Wednesday, 29 June 2011

Review:- DAVID DICKINSON – “Death in a Scarlet Coat ”

Year Published: - 2011
Where the book was from:- Pensby Library
ISBN: - 978-1-84901-459-5
Pages: - 342pp
Genre: - Historical crime
Location:- English counties, 1909
How I came across it: - Trying to catch up with this series
Rating: - ***** ****

One sentence summary:- Lord Powerscourt investigates the mysterious death of aster of the Hunt, Lord Candlesby, who arrived at the opening hunt of the season as a corpse draped across the back of his horse.

Describe the plot without giving anything away:- When Lord Candlesby arrives at the Hunt meeting dead only three people see the body and to avoid fuss the doctor is pressured into declaring it to be death by natural causes. In practice his death is caused by something far from natural and identifying what killed him is almost as hard as finding out whodunit. The Earl had so many enemies that Powerscourt is spoiled for choice when he is asked to start investigating.

General comments:- I think David Dickinson’s Powerscourt series is among the best historical fiction I have read. Whilst this was not the best of the series – and the culprit slightly predictable – it was nevertheless a most enjoyable read.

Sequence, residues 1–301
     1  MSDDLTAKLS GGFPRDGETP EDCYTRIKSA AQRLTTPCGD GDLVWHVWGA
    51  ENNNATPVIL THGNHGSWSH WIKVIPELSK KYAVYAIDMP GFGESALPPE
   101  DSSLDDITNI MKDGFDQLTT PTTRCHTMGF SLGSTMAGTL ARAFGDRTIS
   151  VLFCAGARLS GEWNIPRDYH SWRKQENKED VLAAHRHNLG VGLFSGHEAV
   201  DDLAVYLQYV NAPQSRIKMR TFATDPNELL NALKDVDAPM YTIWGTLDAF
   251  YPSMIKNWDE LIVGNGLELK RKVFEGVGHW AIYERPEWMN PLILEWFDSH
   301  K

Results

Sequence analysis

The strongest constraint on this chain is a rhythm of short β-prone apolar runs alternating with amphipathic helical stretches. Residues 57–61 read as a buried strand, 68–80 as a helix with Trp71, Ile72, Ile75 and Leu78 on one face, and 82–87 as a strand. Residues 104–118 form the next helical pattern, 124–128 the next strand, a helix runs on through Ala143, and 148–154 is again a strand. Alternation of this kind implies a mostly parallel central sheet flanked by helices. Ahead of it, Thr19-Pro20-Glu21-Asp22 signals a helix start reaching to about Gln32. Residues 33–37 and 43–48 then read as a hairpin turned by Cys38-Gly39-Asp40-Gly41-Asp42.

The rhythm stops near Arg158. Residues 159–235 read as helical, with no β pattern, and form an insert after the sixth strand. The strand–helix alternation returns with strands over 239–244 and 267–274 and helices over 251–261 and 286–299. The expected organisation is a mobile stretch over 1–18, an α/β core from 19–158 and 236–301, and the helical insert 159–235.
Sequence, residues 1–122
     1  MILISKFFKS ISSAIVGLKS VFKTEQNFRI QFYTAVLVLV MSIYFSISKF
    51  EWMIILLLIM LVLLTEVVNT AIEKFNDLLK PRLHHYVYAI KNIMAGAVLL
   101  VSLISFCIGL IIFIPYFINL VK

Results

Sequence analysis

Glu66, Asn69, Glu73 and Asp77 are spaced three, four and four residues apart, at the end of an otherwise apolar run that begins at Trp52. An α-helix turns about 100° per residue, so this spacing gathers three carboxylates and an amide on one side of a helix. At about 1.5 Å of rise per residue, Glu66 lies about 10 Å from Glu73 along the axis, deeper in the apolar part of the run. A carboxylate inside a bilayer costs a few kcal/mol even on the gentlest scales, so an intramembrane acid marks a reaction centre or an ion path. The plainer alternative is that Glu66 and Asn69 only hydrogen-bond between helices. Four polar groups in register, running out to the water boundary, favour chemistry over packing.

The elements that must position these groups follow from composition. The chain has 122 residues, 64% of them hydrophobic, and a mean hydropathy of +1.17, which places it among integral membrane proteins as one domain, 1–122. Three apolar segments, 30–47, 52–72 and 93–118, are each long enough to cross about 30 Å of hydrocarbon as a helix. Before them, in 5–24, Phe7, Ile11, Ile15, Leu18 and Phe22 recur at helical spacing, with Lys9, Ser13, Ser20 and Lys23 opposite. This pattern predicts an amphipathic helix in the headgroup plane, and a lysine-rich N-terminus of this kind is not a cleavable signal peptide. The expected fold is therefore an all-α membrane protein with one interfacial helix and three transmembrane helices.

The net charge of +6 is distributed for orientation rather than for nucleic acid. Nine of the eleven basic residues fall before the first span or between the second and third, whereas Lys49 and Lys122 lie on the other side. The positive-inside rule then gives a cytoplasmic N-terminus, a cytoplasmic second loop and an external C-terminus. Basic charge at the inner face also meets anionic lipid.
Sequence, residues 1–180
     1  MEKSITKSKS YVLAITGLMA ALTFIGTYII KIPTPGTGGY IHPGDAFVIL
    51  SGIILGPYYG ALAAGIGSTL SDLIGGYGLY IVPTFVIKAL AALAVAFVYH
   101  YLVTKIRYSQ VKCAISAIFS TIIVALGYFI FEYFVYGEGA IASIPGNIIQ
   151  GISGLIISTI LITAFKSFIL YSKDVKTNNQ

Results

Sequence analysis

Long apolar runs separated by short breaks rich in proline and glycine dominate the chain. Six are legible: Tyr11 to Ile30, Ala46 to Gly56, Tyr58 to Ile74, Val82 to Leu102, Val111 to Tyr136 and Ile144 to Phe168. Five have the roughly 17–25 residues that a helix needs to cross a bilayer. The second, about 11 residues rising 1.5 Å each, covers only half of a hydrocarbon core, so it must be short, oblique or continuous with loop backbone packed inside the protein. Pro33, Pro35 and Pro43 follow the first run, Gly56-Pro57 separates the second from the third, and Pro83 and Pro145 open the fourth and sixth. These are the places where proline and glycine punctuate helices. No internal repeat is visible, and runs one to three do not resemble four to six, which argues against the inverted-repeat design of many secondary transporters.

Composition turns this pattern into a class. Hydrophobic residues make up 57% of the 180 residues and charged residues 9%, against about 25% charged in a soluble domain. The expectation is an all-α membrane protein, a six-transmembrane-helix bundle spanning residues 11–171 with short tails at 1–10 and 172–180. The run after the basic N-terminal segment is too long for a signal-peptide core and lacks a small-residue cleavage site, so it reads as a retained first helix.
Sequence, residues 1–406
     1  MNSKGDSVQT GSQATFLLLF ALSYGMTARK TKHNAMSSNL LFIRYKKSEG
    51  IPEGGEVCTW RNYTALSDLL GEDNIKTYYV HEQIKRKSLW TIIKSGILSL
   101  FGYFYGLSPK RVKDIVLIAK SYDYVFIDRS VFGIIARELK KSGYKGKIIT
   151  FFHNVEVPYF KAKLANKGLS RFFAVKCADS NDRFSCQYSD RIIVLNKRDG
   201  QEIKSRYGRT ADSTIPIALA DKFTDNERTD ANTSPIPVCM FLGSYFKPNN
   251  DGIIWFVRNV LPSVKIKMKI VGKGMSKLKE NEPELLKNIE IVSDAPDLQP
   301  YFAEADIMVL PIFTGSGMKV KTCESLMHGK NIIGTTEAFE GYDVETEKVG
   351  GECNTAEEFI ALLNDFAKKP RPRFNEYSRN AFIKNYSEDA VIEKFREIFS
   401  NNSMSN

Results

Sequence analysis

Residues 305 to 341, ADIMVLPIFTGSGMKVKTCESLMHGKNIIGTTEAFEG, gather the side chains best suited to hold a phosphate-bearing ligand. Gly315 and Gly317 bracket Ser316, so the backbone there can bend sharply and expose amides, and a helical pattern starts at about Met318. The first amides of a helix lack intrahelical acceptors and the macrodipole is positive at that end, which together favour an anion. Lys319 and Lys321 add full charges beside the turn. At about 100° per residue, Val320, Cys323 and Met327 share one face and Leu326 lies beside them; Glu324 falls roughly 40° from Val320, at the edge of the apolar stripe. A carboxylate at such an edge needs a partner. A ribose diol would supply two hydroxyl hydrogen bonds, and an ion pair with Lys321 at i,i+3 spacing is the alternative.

I am surprised that I have only read one of the Lord Francis Powerscourt Series since I started this blog – Death on a Holy Mountain. Prior to that I had read
1. Goodnight, Sweet Prince (2002)
3. Death of an Old Master (2004)
4. Death of a Chancellor (2004)
5. Death Called to the Bar (2006)
I therefore want to read -
2. Death and the Jubilee (2002)
6. Death on the Nevskii Prospekt (2006)
8. Death of a Pilgrim (2009)
9. Death of a Wine Merchant (2010)

Youth is always at a premium in the House of Lords. You know, people who can stand up unaided, walk without sticks, eat with their own teeth, that sort of thing.

Then he noticed that Disraeli had written some novels. That put a black mark against him in Richard’s book. Men should not write such things. If they had to be written, surely it was a job for a woman. Far better that they should not be written at all.

After a couple of days Lady Lucy would ask them about the men they had loved, the men they had married, the men they wished they had married, the men they wished they had never seen.

AUTHOR Notes:- see Death on a Holy Mountain

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